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As a final warm up for his National Geographic Society beer seminar tonight, “New Beers of Scandinavia,” we are posting one last excerpt from our interview with Brooklyn Brewery brewmaster Garrett Oliver. Read on for a preview of topics to be covered at tonight’s event, including how brewers in Scandinavia are infusing old styles and ingredients with modern ideas and collaborating with brewers from all over the world.

You have a lot of stuff going on right now in Scandinavia. I think that what’s maybe the most interesting thing in some ways is people looking at what is their particular terroir of Scandinavia and trying to translate that into a modern beer with an old Scandinavian influence, whether it be a particular style like old smoked beer styles in the past that you see coming back. From HaandBryggeriet you see Norwegian Wood for example, which has some peat smoking and some wood smoking. People like Mikkeller are doing things that are a little more in the American mold. You see both things from people like Nørrebro Bryghus. And then you have things that are very traditional like Lammin Sahti—beers based on the traditional Finnish beer of that name. Really there are things that people are doing like growing old varieties of Danish barleys that would have been used a few hundred years ago, bringing back very old varieties of hops, and really trying to feel their way toward a Scandinavianness, if you like, if that can be a word, of beer. And I think that it’s fascinating to watch.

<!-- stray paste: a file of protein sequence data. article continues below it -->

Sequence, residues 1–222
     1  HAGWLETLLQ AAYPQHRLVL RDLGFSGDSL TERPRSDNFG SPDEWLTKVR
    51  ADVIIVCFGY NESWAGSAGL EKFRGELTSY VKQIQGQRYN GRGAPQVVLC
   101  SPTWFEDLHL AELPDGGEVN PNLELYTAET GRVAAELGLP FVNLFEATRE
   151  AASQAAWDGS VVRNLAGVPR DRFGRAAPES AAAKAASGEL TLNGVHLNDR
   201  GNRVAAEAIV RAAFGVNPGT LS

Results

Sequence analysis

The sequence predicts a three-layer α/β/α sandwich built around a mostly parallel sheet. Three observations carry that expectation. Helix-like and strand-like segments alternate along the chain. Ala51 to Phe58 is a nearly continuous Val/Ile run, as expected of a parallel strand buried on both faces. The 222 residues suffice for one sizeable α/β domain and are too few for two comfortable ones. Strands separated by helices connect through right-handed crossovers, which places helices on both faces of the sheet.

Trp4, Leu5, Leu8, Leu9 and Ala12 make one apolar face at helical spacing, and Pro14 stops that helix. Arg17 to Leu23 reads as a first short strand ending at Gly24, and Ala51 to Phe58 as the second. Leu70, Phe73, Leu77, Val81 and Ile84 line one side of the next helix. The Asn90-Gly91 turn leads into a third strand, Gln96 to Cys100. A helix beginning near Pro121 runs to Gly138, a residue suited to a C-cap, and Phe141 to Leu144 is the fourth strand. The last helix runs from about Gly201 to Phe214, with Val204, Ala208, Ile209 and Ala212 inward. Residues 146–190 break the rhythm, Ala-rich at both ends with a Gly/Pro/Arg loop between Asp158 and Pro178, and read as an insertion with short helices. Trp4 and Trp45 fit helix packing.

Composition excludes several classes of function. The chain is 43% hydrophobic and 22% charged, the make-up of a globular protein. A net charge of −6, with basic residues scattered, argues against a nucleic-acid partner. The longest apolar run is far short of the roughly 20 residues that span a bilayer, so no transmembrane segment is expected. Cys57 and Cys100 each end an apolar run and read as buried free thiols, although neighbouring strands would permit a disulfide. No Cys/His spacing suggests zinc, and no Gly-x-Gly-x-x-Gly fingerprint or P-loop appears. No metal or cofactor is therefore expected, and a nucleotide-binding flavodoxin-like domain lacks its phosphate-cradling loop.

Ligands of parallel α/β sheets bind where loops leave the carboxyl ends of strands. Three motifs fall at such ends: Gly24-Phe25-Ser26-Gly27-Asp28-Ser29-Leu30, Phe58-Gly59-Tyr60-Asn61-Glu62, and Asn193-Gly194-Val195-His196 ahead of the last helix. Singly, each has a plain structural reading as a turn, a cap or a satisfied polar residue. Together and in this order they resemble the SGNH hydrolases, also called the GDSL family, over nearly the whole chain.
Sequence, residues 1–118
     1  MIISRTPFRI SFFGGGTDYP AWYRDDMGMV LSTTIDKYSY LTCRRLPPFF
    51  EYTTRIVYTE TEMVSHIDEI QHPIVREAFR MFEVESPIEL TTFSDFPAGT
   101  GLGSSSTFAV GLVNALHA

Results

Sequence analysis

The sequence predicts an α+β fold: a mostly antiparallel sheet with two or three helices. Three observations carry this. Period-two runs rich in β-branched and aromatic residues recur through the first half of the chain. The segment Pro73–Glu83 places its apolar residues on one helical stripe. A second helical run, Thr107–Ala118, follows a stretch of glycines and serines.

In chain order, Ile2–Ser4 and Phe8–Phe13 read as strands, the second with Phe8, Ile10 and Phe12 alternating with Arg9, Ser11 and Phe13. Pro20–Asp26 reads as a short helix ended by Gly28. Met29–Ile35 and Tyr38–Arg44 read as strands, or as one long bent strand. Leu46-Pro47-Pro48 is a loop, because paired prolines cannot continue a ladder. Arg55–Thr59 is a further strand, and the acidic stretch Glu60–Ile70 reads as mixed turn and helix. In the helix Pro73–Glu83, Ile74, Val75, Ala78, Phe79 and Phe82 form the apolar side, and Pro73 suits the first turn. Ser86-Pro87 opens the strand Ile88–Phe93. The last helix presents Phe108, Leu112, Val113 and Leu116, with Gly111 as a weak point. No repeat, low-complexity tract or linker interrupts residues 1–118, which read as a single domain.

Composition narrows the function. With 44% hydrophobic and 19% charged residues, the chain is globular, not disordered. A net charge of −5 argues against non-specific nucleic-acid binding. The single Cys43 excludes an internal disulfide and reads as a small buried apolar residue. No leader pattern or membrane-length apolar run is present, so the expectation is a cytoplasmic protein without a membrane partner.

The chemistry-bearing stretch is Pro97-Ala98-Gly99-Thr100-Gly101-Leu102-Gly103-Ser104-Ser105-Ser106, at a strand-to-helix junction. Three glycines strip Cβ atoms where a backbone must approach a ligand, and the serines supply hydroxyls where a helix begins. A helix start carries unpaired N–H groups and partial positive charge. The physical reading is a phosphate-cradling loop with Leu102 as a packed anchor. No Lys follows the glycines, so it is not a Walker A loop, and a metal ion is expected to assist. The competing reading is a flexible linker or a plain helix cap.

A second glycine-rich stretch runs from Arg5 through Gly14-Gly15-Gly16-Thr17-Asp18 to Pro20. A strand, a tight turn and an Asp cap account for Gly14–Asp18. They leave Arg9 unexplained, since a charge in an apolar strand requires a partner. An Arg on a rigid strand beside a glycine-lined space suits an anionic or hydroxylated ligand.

Nøgne Ø is doing some of the most exciting stuff out there. They’ve really taken up a collaborative style of brewing, brewing with people everywhere from other parts of Scandinavia to Tokyo, which I think is really brilliant. The head brewer there, Kjetil Jikiun, has recently started making sake, and it’s actually really, really good. He’s not making an easy to make form of sake, either. He’s making a really difficult form of sake. I sat down with him at the Craft Brewers Conference and he was with Yoichi Kiuchi, who is from Hitachino. Hitachino brews beer of course, but their main business is actually making sake, which they have been doing for 150 years. So here you have this 6′ 5″ Norwegian guy who is making sake and is consulting with a guy from Japan who has a 150-year old sake brewery and also a beer brewery, and they are there talking about beer and sake and whatever else. It really shows the wonderfully free flow of information and inspiration between different countries and even different drinks.

And I think that the brewer is re-becoming an artisan, whereas for a long time in the United States and also in Scandinavia, the brewer was an engineer essentially. You know, “Take this grain and make this one  product that tastes exactly like this all the time.” Now the brewer becomes once again much more like a chef. As a chef, you don’t just do one thing.  You do a number of things and you continue to create. Hopefully if you are a chef you have the things that you are most famous for, but you also have some specials every week. You’ll interpret what’s at the market, you’ll interpret whatever is on your mind, you’ll interpret influences that you had and places where you ate, and all these become part of  your food. I think it should be the same with beer. It certainly is with us [at the Brooklyn Brewery].

For those who tried to get tickets to the NGS event but couldn’t, we’ll be posting our drool list for you as consolation (or torture—you call it.)